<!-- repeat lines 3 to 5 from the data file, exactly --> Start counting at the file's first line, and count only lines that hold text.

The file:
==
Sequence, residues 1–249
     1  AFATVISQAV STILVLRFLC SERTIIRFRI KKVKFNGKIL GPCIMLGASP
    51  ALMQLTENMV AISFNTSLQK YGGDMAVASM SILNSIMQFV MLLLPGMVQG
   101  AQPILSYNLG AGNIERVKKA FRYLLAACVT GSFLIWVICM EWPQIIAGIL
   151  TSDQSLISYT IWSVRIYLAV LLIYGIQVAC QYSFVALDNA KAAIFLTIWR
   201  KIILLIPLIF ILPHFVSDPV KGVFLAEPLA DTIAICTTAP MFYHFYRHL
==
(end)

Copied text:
    51  ALMQLTENMV AISFNTSLQK YGGDMAVASM SILNSIMQFV MLLLPGMVQG
   101  AQPILSYNLG AGNIERVKKA FRYLLAACVT GSFLIWVICM EWPQIIAGIL
   151  TSDQSLISYT IWSVRIYLAV LLIYGIQVAC QYSFVALDNA KAAIFLTIWR